There is an optional daemon called appimaged. If installed, this daemon will look for appimage files in the most commonly used directories and register the appimage apps automatically.
To install appimaged, use the following commands –
chmod a+x appimaged-x86_64.AppImage
Once done, the terminal will prompt you to log out and log back in to complete the installation. Or you can restart your system.
Now any appimage in the following directories will be registered with the system. From now on, you won’t even need to make any file executable; download any app image and open it from the apps menu.
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Directories monitored by appimaged
- $HOME/Downloads (or its localized equivalent, as determined by
- [any mounted partition]/Applications
Uninstall appimage from Ubuntu
appimage app is just a simple file, and when you run it, it does not store even a single file in the system installation directory or anywhere else. As I mentioned above, certain apps may ask for confirmation to integrate appimage with the system to easily open it from the apps menu. If you confirm it, it’ll register the app with the system and link it with the appimage file.
If you have installed appimaged, you do not have to do anything extra to integrate or remove any app. Just downloading an appimage will register the app with the system menu, and deleting the file will disintegrate it automatically.
appimage file is an entire app. If an app developer releases a new version of the app, users can download the new version and delete the older version. That’s how you can update it.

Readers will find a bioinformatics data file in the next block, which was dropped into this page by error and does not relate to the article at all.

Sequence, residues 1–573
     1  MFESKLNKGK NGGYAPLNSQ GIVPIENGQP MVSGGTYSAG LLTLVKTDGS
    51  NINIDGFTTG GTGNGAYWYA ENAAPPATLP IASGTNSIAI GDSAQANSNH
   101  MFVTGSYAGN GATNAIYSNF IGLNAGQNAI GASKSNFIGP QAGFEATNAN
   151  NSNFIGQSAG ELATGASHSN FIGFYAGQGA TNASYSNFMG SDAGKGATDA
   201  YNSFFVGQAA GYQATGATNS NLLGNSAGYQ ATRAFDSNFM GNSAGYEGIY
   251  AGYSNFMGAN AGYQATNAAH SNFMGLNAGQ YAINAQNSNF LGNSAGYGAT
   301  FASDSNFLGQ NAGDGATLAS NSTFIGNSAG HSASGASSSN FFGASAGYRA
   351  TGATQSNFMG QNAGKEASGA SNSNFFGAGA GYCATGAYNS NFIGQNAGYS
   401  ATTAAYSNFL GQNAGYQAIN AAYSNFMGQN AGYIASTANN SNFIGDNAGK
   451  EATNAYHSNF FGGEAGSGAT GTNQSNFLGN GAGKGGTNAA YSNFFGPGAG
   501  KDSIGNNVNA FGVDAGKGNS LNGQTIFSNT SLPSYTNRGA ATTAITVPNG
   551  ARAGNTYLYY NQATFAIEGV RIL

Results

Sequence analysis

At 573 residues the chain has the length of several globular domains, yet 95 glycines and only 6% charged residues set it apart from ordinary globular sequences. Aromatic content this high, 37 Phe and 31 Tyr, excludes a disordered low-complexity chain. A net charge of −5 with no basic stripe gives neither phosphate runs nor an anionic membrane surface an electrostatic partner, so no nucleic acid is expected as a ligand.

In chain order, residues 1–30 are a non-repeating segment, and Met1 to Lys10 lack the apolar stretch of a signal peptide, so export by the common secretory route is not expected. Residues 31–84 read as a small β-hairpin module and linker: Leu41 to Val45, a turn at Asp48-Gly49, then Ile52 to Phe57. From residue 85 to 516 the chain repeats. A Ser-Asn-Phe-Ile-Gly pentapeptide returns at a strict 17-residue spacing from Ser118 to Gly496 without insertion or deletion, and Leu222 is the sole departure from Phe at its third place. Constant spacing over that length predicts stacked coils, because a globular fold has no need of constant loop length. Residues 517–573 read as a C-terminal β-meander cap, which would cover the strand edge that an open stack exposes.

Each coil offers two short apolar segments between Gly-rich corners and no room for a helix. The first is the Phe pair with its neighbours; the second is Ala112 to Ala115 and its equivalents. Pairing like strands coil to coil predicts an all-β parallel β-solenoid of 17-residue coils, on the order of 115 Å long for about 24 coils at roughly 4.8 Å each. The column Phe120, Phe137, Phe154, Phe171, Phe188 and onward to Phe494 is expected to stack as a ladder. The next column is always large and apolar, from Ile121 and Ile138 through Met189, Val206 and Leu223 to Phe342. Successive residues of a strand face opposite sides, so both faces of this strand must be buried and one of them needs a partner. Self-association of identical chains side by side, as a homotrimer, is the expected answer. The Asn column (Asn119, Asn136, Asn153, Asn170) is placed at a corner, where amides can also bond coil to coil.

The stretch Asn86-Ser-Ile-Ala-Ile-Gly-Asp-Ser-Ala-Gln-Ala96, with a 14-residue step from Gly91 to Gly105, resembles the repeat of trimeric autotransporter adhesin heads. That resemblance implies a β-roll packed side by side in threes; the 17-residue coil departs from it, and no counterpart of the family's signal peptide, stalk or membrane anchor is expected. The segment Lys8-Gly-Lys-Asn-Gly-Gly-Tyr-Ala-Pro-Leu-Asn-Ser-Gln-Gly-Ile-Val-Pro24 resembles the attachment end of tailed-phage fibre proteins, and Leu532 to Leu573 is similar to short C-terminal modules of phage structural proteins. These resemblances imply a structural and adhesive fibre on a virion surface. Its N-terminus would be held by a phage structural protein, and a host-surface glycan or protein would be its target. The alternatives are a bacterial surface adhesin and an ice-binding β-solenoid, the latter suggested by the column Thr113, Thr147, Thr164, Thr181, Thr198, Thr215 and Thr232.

But if you want to update the current app, you can try to do so using the AppImageUpdate package provided by the AppImage developer. This package only updates an app if the update information is available in the file.
Download AppImageUpdate from the app market and run it like any other appimage file.
Now select the app you want to update, and it’ll be updated. appimage updates are really fast because only the portion of the app that has changed is updated, not the entire app.
So that is how you can run an appimage file. Running an entire application from a single file is a great advantage. If the project continues, I hope to get an even better way to update any application.
Also, the application website lists 900+ applications, but there is no search option to find a specific app. It’ll be better to have a snap-like store and get all the applications properly sorted out and easily findable.
Frequently Asked Questions
How do I install AppImage in terminal?